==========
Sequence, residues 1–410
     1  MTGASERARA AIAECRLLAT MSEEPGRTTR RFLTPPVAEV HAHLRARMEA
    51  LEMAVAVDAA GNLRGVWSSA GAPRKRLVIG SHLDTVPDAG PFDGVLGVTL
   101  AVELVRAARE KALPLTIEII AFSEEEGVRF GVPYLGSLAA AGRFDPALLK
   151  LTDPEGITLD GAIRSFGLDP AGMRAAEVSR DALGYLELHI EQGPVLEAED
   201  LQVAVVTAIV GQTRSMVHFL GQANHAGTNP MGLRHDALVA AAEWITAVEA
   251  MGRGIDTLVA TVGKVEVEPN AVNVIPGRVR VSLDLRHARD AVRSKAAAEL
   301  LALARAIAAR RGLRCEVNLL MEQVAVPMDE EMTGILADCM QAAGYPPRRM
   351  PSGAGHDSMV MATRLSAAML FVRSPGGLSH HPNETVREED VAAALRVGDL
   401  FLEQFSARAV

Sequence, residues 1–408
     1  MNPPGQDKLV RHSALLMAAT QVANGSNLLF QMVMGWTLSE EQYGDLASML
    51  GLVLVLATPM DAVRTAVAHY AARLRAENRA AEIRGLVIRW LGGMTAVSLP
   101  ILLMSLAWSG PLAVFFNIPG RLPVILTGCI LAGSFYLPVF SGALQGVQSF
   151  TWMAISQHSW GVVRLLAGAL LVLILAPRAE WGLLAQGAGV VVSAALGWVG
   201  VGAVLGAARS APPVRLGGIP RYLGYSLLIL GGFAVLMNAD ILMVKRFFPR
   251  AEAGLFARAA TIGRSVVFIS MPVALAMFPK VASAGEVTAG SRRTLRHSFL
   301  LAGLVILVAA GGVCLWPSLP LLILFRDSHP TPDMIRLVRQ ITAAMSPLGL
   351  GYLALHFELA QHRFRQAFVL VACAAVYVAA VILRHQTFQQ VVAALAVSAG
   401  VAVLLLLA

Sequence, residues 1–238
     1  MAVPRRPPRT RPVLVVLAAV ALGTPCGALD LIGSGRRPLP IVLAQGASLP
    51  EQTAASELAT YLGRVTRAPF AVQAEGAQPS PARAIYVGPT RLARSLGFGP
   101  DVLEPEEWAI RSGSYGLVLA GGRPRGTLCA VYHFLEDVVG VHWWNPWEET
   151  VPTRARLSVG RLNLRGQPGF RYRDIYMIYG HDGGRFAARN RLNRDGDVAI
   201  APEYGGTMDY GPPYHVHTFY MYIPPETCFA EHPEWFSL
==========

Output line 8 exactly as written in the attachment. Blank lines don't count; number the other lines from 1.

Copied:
   301  LALARAIAAR RGLRCEVNLL MEQVAVPMDE EMTGILADCM QAAGYPPRRM